Posted by: Ernest Barteldes | December 16, 2015

Quiet Christmas at Home


 

2-insurance-presen_1789739b

 

By Ernest Barteldes

 

Regular readers of this blog are quite aware that we don’t do the traditional “American” Thanksgiving of visiting families and stuffing ourselves with turkey and eggnog – we head out to the tropics for a good time under the sun.  Unfortunately, such a luxury cannot be had at Christmas, and since we have no family members within a 1,000-mile radius (the closest is in Chicago, and then Kansas –  after that it’s Brazil and Poland), Renata and I usually spend it just with each other, enjoying a plethora of international Christmas dishes from all our cultures and beyond.

It didn’t always use to be like this, though. Over the years, we either hosted a dinner for friends without close relatives around or visited with other friends who’d have us over, but we stopped doing that after a number of fiascos that I’d rather completely forget about (including a case of a guy who came over and went through an entire bottle of scotch and picked fights with other guests  before being ultimately kicked out of the apartment) we decided it would be better if we spent the Holiday on our own  with less stress and more tranquility.

mushroom-dumplings

The dishes we make are a mix of staples and new ideas:  Renata always makes her annual traditional Polish herring layered with potatoes, carrots, onions, mayonnaise, eggs and dill (there are many recipes out there, which vary from family to family –  they are so personal that I have found absolutely no equivalent online to date  – the only similar one being “Herring  Under  a Fur Coat” that also includes beets but probably tastes quite different due to that extra ingredient.  Other usual staples include  other traditional Polish  wigilia  foods such as “uszka” (pronounced ‘ushka’)  and beetroot soup, while I provide more international fare which might include  Portuguese oven-baked salted codfish layered with potatoes, onions and black olives and a generous amount of olive oil.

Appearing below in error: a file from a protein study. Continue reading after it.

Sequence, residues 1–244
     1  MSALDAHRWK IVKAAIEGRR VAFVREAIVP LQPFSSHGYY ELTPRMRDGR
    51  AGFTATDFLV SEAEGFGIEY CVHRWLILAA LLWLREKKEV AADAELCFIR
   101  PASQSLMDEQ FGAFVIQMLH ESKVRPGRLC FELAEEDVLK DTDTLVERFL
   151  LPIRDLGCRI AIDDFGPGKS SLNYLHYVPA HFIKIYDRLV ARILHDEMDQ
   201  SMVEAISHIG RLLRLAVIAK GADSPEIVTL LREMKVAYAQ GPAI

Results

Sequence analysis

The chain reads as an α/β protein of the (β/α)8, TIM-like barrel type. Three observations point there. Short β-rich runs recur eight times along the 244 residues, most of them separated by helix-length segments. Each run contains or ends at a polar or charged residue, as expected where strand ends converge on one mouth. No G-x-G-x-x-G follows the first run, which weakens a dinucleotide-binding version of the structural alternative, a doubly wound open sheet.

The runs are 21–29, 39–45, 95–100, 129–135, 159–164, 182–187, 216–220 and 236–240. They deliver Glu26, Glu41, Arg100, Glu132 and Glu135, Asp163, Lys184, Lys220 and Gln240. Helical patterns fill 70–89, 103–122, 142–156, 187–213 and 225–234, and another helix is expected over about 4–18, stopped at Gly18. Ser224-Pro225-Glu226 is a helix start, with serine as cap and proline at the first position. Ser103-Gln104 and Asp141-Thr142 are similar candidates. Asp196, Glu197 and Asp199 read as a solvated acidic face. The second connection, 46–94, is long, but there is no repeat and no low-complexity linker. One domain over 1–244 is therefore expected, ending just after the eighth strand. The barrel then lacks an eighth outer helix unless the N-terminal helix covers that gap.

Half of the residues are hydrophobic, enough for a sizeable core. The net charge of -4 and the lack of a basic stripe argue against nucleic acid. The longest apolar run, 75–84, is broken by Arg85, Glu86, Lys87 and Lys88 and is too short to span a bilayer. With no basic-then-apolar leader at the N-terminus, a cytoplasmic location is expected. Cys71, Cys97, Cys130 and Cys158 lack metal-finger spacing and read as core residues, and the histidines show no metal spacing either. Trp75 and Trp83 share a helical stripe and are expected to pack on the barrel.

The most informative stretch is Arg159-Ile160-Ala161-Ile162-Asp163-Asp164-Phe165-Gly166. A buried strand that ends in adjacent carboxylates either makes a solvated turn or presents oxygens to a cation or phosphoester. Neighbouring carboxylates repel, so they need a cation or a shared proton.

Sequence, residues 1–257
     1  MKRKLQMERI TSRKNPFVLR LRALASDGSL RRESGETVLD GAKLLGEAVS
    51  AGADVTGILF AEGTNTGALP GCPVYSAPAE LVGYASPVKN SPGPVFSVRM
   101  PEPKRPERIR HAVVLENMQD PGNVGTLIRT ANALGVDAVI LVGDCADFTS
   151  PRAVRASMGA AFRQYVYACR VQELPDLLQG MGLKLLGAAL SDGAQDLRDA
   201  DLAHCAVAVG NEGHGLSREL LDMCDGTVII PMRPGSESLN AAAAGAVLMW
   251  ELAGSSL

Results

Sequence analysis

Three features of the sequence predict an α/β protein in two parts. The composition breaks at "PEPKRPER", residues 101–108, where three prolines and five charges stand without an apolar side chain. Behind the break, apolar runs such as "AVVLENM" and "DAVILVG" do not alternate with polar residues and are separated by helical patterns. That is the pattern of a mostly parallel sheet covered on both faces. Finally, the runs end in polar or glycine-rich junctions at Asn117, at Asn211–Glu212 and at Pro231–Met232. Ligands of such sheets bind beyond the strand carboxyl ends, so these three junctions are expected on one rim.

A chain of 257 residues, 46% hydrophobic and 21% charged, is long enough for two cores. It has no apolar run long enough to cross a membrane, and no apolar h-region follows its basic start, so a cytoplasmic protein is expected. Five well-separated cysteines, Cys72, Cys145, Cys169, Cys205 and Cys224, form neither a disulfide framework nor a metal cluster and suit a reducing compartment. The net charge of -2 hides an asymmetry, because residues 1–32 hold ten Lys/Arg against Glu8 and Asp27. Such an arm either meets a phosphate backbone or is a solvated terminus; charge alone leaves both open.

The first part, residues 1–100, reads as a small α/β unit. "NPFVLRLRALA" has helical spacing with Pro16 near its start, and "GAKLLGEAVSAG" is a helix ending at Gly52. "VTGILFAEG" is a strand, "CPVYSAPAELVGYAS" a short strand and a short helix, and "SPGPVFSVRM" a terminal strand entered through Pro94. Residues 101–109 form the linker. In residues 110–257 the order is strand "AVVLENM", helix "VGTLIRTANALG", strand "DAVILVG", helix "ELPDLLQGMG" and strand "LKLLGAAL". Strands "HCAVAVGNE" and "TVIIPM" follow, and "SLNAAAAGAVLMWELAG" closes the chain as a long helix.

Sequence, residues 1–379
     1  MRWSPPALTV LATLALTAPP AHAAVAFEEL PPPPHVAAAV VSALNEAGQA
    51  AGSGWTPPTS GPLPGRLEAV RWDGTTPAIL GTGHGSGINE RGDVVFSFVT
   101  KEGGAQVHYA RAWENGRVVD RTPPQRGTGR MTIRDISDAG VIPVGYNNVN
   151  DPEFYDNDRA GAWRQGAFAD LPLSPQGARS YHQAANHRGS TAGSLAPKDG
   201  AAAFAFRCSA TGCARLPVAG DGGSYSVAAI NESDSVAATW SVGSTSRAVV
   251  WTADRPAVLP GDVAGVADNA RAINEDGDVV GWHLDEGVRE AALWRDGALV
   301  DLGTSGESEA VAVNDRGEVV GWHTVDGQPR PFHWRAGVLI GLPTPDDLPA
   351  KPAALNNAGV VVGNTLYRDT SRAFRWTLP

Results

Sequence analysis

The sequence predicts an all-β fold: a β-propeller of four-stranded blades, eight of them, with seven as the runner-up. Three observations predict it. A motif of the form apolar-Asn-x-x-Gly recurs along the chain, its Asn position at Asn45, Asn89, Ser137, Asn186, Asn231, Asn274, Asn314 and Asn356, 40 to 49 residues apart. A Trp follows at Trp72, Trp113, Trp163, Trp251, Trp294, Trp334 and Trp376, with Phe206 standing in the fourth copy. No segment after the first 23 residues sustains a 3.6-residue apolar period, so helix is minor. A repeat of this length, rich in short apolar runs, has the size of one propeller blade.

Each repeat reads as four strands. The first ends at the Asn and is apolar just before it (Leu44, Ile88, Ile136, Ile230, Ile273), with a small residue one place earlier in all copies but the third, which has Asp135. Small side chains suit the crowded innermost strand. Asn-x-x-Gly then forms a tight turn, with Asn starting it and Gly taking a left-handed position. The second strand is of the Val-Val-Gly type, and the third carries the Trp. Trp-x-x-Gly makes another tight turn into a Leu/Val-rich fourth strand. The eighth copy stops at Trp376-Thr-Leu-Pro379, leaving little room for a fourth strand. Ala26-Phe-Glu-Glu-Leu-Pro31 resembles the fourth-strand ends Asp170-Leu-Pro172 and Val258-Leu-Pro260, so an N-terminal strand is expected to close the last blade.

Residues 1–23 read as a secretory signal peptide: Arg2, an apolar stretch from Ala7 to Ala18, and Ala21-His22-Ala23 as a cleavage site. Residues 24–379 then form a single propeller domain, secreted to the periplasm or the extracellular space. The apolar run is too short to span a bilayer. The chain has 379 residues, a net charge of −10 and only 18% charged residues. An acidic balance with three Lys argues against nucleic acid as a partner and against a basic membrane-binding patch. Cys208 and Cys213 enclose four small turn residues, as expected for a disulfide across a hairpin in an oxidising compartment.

For reasons I really cannot fathom, we cook enough food for a small battalion and  take days to consume the whole thing.   I think this is the third or fourth year that we have done our little Christmas on our own, and we presently have no intention of changing that –  sure, it could be more fun being in a big party filled with people, but there is always the chance of something going terribly wrong – and  another weird Christmas is  something we really don’t want to be a part of.

Among the traditional Brazilian recipes I like to make is “rabanada,”  Portuguese  variation on the French toast that is commonly served at Christmas there – it’s made with sliced baghettes and a mix of  other ingredients – it is sweeter than its American counterpart, but it is also very enjoyable.

RABANADA

exps117794_thraa2874593c01_31_5b

Source: A  Taste of Home

Ingredients

  • 1 cup sugar
  • 2 tablespoons ground cinnamon
  • 4 eggs
  • 2 cups 2% milk
  • Oil for frying
  • 1 loaf (8 ounces) French bread, cut into 1-inch slices

Directions

  1. In a small bowl, mix sugar and cinnamon until blended. In a large shallow dish, whisk eggs and milk. Dip both sides of bread in egg mixture, soaking lightly.
  2. In an electric skillet, heat 1 in. of oil to 350°. Working with a few slices at a time, remove bread from egg mixture, allowing excess to drain, and fry 2-3 minutes on each side or until golden brown. Drain on paper towels.
  3. Dip warm rabanadas in cinnamon-sugar to coat all sides. Serve warm or at room temperature. Yield: 6 servings.
Advertisements

Leave a Reply

Fill in your details below or click an icon to log in:

WordPress.com Logo

You are commenting using your WordPress.com account. Log Out / Change )

Twitter picture

You are commenting using your Twitter account. Log Out / Change )

Facebook photo

You are commenting using your Facebook account. Log Out / Change )

Google+ photo

You are commenting using your Google+ account. Log Out / Change )

Connecting to %s

Categories

%d bloggers like this: